​​ All right, so you might have read "The Hobbit" or "The Lord of the Rings," you have probably 00:03 seen them, you've definitely heard of them. But not everyone knows the story of their 00:07 author, J.R.R. Tolkien. Tolkien was an English World War One veteran. A reluctant solider, 00:13 he joined up with a sense of duty and he lived through the bloody battle of Somme suffering 00:18 tremendous shock, guilt, and loss during and after the war. 00:22 It took Tolkien years to processes his experiences. To help him do it he turned to writing fiction 00:27 and in time he constructed a world that helped him and all of us better understand war, human 00:33 nature, loss, and growth. His novels were the bi-product of trauma and they're among 00:37 the more beautiful reminders of how it can affect us. 00:39 Most of us will experience some kind of traumatic event in our lives and most of us will exhibit 00:44 some kind of stress related behavior because of it, these symptoms usually fade but for 00:49 some those reactions can linger and start of disrupt their lives or the lives of those 00:53 around them. These reactions can develop into full blown psychological disorders including 00:57 post-traumatic stress disorder and, in an effort to cope, sometimes addiction, but it doesn't 01:01 always have to be that way. 01:03 Ultimately, Tolkien was able to harness the effect of his trauma and shape them into something 01:06 important and to reclaim is own life because there is such a thing as post-traumatic growth, too. 01:12 As it does with many other things psychology approaches trauma related disorders with different 01:17 perspectives, but they all tend to ask the same questions. 01:20 How do you identify and diagnose these disorders? And how do you treat them, so that the patients 01:24 can recover? -- With the understanding that they might never be the same as they were 01:28 before the trauma, but they can still be healthy and happy. 01:31 In a way, psychology helps patients ask themselves, what Tolkien asks his readers, and what Frodo 01:36 asks when he is finally safe back in the shire: "How do you pick up the threads of an old 01:41 life? How to go on, when in your heart, you begin to understand that there is no going back." 01:57 It could be September 11 or a serious car accident or a natural disaster or a violent 02:02 crime that you survived but are still haunted by. Trauma comes in many different forms and 02:07 sometimes it can stick with you. 02:09 When it manifests as nightmares, flashbacks, avoidance, fear, guilt, anxiety, rage, insomnia, 02:15 and begins to interfere with your ability to function it can come to be known as post-traumatic 02:20 stress disorder or PTSD. 02:22 It was once call "shell shock" a term used to describe the condition of veterans, like 02:26 Tolkien in World War One but PTSD isn't limited to veterans. It's defined as a psychological 02:31 disorder generated by either witnessing or experiencing a traumatic event. Its symptoms 02:36 are classified into four major clusters in the DSM V. 02:40 One of these clusters involves re-living the event through intrusive memories, nightmares, 02:44 or flashbacks. The second involves avoiding situations you associate with the event, while 02:49 the third generally describes excessive physiological arousal like heart pounding, muscle tension, 02:54 anxiety or irritability, and major problems sleeping or concentrating. And finally we 02:59 have the fourth major symptom cluster: pervasive negative changes in emotions and belief, like 03:05 feelings in excessive guilt, fear, or shame -- or no longer getting enjoyment out of what you used to. 03:10 PTSD patients may also experience numbing, or periods of feeling emotionless or emotionally 03:15 "flat" and dissociation, feeling as if situations aren't real or are surreal, feeling like time 03:21 has slowed down or sped up, or even blacking out. 03:23 We have been discussing how anxiety or mood disorders can affect a person's ability to 03:27 function and how that impairment itself leads to more suffering and dysfunction. 03:32 When any of these disorders is left untreated suffers may start to feel desperate to find 03:36 some way to cope and one way may be substance abuse. Unfortunately, addiction and trauma 03:41 can go hand in hand and it can be hard to recover from one without also dealing with 03:44 the other. According to the US department of Veteran's Affairs more than 2 in 10 veterans 03:48 with PTSD also struggle with substance abuse problems and 1 in every 3 vets seeking 03:53 treatment for substance abuse also have PTSD. And across many studies, between a third to 03:57 a half of women in treatment for substance abuse have experienced rape or sexual assault. 04:02 For a long time most psychologists understood PTSD through the lens of fear conditioning 04:07 or the unshakable memory of being in mortal danger and the learned responses that stem 04:11 from that memory. But clinicians have also begun to recognize that for some the disorder 04:15 can also be a kind of moral injury, widening the focus to include hauntings not just of 04:21 violence done to a person but also what that person did or did not do to others. 04:26 Brandon was a combat drone operator in the air force he enlisted at 21 years old and 04:30 spent 6 years sitting in a bunker in the American South-West watching Iraq and Afghanistan from 04:35 surveillance drones. 04:36 He watched soldiers die and people get executed. He also watched kids play, people get married, 04:42 goats grazing -- and when the time came he ordered hell fire missiles to strike military 04:47 targets or people who had no idea they where even being watched. 04:51 Although he was half a world away from combat, he ultimately suffered the psychological trauma 04:55 felt by many on the ground soldiers. He was diagnosed with PTSD. Brandon suffers no fears 05:00 for his own safety, but still experiences the same intrusive memories, nightmares, depression, 05:06 anxiety, and substance abuse of many emotionally traumatized combat soldiers. So do a lot of 05:11 other drone operators. 05:12 But why do some victims or trauma suffer from PTSD while others seem able to move on? 05:18 Well, its psychology so the risk factors are complicated. Some findings suggest that there 05:22 may be genetic predispositions making some people more vulnerable than others. We also 05:26 know that context and environment matter, for instance, someone who has experienced 05:30 childhood abuse might feel on the one hand more ready to deal with difficult and traumatic 05:35 experiences. But on the other hand they might be more likely to default to the suppression 05:38 and avoidance in which PTSD suffers frequently engage, which as we've discussed in previous 05:43 episodes often makes psychiatric symptoms worsen over time. 05:46 As far as whats going on in the brain, PTSD shares some similarities with anxiety disorders. 05:52 For example the brains limbic system may flood the body with waves of stress hormones like 05:56 cortisol every time images of the traumatic event bubble up uninvited into consciousness. 06:01 And we've already talked a lot about how the amygdala and hippocampus are involved in those 06:05 classic fight or flight reactions, which when prolonged can be really rough on the body. 06:10 In fact, neuroimaging suggests that trauma -- or the chemical processes set into motion 06:14 by trauma -- might actually damage and shrink the hippocampus. Since this region is also 06:19 associated with how we consolidate memories, this might explain how memories associated 06:23 with trauma could fail to be filed away as long-term memories and instead remain vivid 06:28 and fresh through flashbacks and nightmares. 06:31 If there's any silver lining to all of this, it's that some people may actually experience 06:35 positive change after a trauma. Treatment and social support help some suffers achieve 06:40 post-traumatic growth, positive psychological changes resulting from the struggle with challenging 06:45 circumstances and life crises. 06:47 That's in part what Tolkien did. Though he suffered great trauma and loss on the battlefield, 06:52 he was eventually able to use those experiences to drive those powerful, allegorical stories. Stories 06:58 that helped not just himself, but many readers of all ages around the world. 07:02 It seems that while whatever doesn't kill you might not necessarily make you stronger, 07:07 sometimes it really does. 07:09 But suffering can feed on itself. Many victims of trauma try to cope through whats colloquially 07:13 called self-medicating and some can end up with substance abuse or dependence issues. 07:18 Psychologists define addiction or dependence as compulsive, excessive, and difficult-to-control 07:23 substance use, or other, initially pleasurable behavior that beings to interfere with ordinary 07:29 life, work, health, or relationships. 07:31 This could mean over-consuming drugs or alcohol, or compulsively gambling, eating, shopping, 07:36 exercising, or having sex. People with addictions may not even realize that they have lost control 07:40 of their behavior for some time. 07:42 Addiction can refer to a physical dependence, a physiological need for a drug, that reveals 07:47 itself through terrible withdrawal symptoms if the use stops or reduces. Or psychological 07:52 dependence, the need to use that drug, or complete that activity in order to relieve 07:56 negative emotions. 07:57 People with addiction can sometimes be stigmatized as pleasure-bound hedonists who have no self-control, 08:02 but people often compulsively use substances or do things in reaction to stress and other 08:07 psychological problems. For various reasons they have been prevented from coping in other 08:11 ways or maybe they just never learned how. 08:14 So in this way addiction itself is often secondary to the more complicated matter of how a person 08:19 deals with stress and difficult emotions, or what kinds of stressful situations they've survived. 08:24 Few will dispute that much of what makes addiction possible is chemistry, but people are different 08:29 -- from their life experiences to their biological sensitivities. So people respond in different 08:34 way to different drugs and behaviors. Many people can drink casually or gamble once in 08:39 a while without losing control. Others simply can't. 08:42 People in recovery from addiction may also have different needs. Some will need to be 08:46 completely sober and never again touch that drug or do that thing. While others may in 08:51 time be able to regain enough control to use again in moderation. 08:55 Likewise, some folks can kick the habit on their own while others do better with or need 08:59 support from professionals or support groups. 09:01 Researchers and groups like Alcoholics Anonymous debate whether addiction is a mental illness 09:06 -- like a "software problem" related to thoughts, and behaviors, and feelings -- or a physical disease 09:10 -- a "hard wire problem" related to biology and genetics -- or both, and even whether 09:15 addiction and dependence are the same thing. 09:17 Either way it can be hard to recover from an addiction if you don't get the underlying 09:21 problem treated. But some people believe that you can't treat the underlying problem without 09:26 first getting the addiction out of the way. 09:28 While this controversy too continues, many are moving toward a model of treating both 09:32 at at the same time. The so-called Dual Diagnosis Model of treatment. 09:37 Addiction that's rooted in deeper psychological issues -- especially in emotional trauma like 09:40 PTSD -- often require some version of dual treatment to untangle both issues. 09:45 The good news is while PTSD and substance dependence may be distressing and complex, 09:50 people can begin to heal given the chance and the resources. 09:53 We're amazingly resilient creatures. When nurtured with the proper support and practice, we can overcome a lot. 09:59 Today we talked about the causes and symptoms of PTSD and how trauma can affect the brain. 10:04 We also looked at addiction, physical and psychological dependence, the relationship 10:08 between trauma and addiction, and why they can require dual treatment, and we touched on 10:13 post-traumatic growth with the wisdom of Frodo Baggins. 10:16 Thanks for watching, especially to all our subscribers on Subbable who make this show 10:21 possible. To find out how you can become a supporter and help us do this thing just go to 10:25 subbable.com/crashcourse. 10:28 This episode was written by Kathleen Yale, edited by Blake de Pastino and our consultant 10:32 is Dr. Ranjit Bhagwat. Our director and editor is Nicolas Jenkins. The script supervisor 10:36 and sound designer is Michael Aranda, and the graphics team is Thought Cafe.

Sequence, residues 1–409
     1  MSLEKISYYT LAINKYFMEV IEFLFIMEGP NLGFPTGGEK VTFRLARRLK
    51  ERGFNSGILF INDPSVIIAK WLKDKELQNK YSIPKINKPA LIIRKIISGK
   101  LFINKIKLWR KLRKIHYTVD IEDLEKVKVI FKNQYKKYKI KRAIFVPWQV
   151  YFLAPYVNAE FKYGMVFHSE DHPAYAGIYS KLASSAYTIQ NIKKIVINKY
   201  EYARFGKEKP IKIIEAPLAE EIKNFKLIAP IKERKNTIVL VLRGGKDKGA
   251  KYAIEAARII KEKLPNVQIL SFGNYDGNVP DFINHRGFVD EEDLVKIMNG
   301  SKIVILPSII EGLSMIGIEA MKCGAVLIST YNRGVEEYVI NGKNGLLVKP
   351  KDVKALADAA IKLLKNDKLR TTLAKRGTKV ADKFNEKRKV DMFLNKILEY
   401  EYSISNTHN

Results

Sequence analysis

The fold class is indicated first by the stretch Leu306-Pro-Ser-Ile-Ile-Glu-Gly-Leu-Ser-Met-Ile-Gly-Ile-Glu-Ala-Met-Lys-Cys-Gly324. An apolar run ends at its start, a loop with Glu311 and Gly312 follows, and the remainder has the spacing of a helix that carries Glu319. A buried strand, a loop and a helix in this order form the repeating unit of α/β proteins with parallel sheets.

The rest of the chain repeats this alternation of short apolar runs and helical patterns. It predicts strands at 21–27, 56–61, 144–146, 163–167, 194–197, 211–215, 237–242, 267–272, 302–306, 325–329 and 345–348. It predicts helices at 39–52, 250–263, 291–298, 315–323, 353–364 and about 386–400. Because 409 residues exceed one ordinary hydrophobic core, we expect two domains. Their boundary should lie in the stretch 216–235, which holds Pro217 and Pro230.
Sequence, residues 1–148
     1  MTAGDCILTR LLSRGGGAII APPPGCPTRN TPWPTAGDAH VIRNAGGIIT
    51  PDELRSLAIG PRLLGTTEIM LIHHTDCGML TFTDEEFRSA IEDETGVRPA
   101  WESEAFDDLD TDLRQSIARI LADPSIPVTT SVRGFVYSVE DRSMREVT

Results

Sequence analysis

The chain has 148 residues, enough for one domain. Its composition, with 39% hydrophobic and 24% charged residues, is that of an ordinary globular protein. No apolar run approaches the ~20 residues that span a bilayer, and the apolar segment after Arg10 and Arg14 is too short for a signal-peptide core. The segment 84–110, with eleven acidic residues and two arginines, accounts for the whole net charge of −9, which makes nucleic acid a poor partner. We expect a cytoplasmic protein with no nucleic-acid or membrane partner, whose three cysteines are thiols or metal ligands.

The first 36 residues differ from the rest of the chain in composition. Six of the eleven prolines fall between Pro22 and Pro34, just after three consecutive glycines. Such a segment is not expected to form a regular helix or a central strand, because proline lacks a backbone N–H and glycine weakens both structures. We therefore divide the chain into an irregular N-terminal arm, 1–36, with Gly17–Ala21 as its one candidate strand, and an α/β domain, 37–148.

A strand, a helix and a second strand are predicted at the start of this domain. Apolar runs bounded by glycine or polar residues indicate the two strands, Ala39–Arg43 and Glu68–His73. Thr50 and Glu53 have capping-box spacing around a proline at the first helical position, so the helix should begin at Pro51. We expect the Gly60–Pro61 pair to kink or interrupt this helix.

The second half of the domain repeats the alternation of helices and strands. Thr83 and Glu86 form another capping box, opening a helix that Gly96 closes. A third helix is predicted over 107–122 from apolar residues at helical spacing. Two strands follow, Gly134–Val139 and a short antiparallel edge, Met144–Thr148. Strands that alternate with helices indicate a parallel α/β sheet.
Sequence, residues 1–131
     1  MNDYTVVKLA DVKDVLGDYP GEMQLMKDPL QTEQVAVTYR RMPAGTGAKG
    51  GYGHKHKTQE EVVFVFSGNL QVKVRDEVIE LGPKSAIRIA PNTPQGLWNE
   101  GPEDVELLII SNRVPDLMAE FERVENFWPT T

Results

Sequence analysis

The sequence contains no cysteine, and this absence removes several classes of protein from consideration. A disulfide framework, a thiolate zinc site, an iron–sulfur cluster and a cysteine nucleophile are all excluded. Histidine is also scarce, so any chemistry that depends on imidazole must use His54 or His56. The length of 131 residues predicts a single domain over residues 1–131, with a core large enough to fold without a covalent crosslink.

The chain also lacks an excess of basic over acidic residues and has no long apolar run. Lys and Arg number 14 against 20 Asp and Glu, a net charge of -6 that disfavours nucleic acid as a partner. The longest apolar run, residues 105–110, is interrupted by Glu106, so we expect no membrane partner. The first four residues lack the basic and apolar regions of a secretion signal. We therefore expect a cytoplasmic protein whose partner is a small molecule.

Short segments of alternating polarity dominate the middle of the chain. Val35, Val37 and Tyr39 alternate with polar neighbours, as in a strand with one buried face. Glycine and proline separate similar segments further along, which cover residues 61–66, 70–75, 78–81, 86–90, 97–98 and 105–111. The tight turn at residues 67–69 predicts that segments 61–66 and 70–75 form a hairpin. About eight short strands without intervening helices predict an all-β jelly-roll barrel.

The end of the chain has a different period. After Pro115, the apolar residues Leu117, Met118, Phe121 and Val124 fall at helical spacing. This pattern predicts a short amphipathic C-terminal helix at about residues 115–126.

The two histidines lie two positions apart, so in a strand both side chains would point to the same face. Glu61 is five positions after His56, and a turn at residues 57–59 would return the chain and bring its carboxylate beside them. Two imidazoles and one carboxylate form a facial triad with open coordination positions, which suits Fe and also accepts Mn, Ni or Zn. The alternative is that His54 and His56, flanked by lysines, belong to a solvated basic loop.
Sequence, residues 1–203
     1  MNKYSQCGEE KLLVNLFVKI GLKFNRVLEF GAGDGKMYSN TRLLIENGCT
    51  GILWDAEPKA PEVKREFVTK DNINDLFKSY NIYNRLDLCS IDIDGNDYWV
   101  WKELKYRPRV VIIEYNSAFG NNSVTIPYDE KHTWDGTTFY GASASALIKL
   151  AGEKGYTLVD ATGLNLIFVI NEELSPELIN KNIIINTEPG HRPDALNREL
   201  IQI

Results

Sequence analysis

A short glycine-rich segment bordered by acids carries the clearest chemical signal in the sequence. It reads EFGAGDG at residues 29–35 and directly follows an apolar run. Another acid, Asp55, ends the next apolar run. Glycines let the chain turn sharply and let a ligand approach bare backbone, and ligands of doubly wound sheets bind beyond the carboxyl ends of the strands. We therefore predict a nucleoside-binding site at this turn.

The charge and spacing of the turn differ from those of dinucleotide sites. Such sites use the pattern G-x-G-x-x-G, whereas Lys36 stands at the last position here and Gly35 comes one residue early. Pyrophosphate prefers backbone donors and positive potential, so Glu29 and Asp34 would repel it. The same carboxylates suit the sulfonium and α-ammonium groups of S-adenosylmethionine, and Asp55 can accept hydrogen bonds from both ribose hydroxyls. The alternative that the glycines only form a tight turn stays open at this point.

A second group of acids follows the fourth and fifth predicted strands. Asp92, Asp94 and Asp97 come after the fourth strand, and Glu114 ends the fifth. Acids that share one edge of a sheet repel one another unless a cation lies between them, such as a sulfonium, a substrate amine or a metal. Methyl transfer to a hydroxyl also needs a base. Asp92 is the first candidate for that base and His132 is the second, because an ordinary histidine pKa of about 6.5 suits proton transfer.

Treating SUD and Trauma at the Same Time